People stand outside a branch of IDBI Bank Ltd. in Mumbai. (Photographer: Dhiraj Singh/Bloomberg)

Government Looks To Sell Stake In IDBI Bank To LIC. But Who Will It Help?

The government is hoping to sell stake in IDBI Bank Ltd. to Life Insurance Corporation of India, at a time when the bank has seen a third of its loans go bad.

The finance ministry has approached the IRDAI, asking the regulator to allow LIC to increase its stake in IDBI Bank, two people familiar with the matter told BloombergQuint on the condition of anonymity. The Insurance Regulatory and Development Authority of India’s permission would be required as existing regulations do not allow LIC to hold more than 15 percent in public sector banks. The government is seeking an exemption to this rule, said the two people quoted above. They did not specify how much stake the government is looking to sell to LIC.

The matter will be taken up at the IRDAI board meeting on June 29, said one of the two people quoted above. The IRDAI has always looked at LIC’s shareholding in individual companies on a case-to-case basis and will do the same for IDBI Bank, the official added.

The government has been keen to sell stake in IDBI Bank for some time now. At the time of the Union Budget 2016-17, the government had said it would consider the option of bringing its stake down to below 50 percent in IDBI Bank. However, the plan has failed to take off because of the poor quality of the bank’s loan book.

The government currently owns 81 percent in the lender, according to shareholding data on the BSE website. LIC already owns 10 percent in the bank, the shareholding data shows. As such, a purchase of anything more than an additional 5 percent by LIC in IDBI Bank will need IRDAI’s permission.

Timing Of The Stake Sale

Traditionally, a project financier, IDBI Bank has a large corporate loan book of Rs 1.1 lakh crore. This is about 55 percent of its total loan book.

Following an asset quality review conducted by the Reserve Bank of India in 2015, IDBI Bank saw its gross non-performing assets rise from 6.9 percent at the end of the September 2015 quarter to 27.95 percent now. On June 5, India Ratings downgraded IDBI Bank citing its deteriorating operating metrics.

The bank’s total stressed loan portfolio, including non-fund based exposures and accounts overdue by more than 60 days, is 35.9 percent of its total loans, said India Ratings in its note.

The bank has reported a net loss for six consecutive quarters. In the March ended quarter, the bank’s net loss stood at Rs 5,663 crore.

As of March 2018, the bank’s core equity capital (CET-1) stood at 7.42 percent, which is above the regulatory minimum. This was because of the Rs 10,610 crore in capital infusion it got from the government in FY18. The bank is due to get a second tranche of capital via recapitalisation bonds in FY19.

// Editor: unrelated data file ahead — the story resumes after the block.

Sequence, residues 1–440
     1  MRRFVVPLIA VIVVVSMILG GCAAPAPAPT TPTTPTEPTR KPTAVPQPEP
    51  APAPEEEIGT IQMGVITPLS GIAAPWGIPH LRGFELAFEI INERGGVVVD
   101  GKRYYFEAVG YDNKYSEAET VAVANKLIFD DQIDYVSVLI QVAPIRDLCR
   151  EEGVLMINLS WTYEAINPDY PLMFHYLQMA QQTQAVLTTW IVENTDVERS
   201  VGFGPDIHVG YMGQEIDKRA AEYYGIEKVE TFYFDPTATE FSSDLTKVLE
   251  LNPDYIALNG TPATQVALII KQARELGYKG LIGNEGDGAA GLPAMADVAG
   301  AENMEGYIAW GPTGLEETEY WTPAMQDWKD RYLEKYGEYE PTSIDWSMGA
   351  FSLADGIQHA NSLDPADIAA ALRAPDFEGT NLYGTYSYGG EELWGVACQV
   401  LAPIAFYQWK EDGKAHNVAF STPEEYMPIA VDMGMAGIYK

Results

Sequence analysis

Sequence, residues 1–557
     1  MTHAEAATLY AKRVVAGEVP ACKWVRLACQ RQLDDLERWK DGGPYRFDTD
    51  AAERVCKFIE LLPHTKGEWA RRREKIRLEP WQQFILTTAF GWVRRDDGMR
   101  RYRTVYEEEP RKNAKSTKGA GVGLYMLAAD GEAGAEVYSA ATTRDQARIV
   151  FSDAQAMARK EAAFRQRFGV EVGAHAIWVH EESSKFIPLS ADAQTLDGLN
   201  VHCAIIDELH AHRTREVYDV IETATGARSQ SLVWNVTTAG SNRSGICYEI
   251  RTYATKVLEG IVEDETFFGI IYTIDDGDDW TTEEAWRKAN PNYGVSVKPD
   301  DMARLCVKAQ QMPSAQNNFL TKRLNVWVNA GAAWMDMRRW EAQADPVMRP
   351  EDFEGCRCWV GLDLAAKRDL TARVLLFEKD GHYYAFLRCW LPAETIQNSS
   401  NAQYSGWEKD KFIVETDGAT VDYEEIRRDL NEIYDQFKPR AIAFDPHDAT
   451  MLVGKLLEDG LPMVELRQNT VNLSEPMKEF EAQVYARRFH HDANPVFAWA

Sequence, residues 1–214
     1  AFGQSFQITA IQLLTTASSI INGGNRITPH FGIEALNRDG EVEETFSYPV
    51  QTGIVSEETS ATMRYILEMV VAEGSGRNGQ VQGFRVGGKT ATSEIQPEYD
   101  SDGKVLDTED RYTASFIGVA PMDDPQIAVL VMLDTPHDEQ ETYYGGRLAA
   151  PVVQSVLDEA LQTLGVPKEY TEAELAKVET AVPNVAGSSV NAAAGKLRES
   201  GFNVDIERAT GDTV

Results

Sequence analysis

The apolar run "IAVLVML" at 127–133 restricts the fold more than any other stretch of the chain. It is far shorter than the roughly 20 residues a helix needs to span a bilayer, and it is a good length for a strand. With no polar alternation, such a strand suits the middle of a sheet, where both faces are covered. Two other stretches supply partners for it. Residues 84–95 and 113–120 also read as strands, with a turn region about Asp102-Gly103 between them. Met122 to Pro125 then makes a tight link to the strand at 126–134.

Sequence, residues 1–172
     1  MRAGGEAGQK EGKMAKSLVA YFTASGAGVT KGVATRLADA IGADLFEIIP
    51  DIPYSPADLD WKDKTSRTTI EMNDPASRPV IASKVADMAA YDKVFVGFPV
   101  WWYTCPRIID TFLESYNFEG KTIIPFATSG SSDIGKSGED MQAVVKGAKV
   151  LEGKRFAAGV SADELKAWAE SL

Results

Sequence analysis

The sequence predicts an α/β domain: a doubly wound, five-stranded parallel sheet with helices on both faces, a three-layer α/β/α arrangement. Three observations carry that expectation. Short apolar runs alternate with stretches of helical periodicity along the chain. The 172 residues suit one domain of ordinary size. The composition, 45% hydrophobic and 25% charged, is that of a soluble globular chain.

However, even that may not be enough, according to India Ratings.

Considering the bank’s capitalisation level and structural weakness, it could remain under pressure on the capital front even after another equity infusion by the Government of India in line with past allocation. India Ratings believes IDBI will need to raise fresh equity from divesting its non-core assets in addition to a large infusion by the Government of India to meet its FY19 regulatory capital requirements.
India Ratings Report (June 5)

Also read: IDBI Bank Looks To Separate Its Retail, Corporate Lending Verticals

Government’s Gain Or IDBI’s Gain?

A sale of the government’s existing stake in IDBI Bank to LIC will not infuse any capital into the bank. The bank will only get capital if fresh equity were to be issued, which is then purchased by LIC.

A sale of minority government stake in IDBI Bank will not help the bank, said Dhananjay Sinha, head of research at Emkay Global. If you are looking at a scenario where LIC has majority holding then there may be some benefit but that’s a matter of speculation, Sinha said.

In the past, when LIC has come to the rescue of public sector banks, it has been through a purchase of preferential shares issued by public sector banks. A number of banks issued preferential shares to LIC in 2015 and 2016, when the government’s allocated capital was considered to be insufficient and the banks were not in a position to raise equity capital from the markets. According to a Kotak Institutional Equities report dated April 2016, LIC had invested Rs 1,850 crore in public sector banks in 2014-15 and Rs 2,539 crore in 2015-16. As a result of this, LIC’s shareholding in a number of public sector banks has increased over the past few years.

Should LIC purchase equity in IDBI Bank directly from the government, the benefit flows more to the latter. But even those gains are minimal. At the current market price of Rs 59 per share, a sale of 10 percent by the government will fetch it just about Rs 2,400 crore. The government has set a fiscal deficit target of 3.3 percent of GDP for the current year. The divestment target has been pegged at Rs 80,000 crore. Both targets are considered challenging by analysts.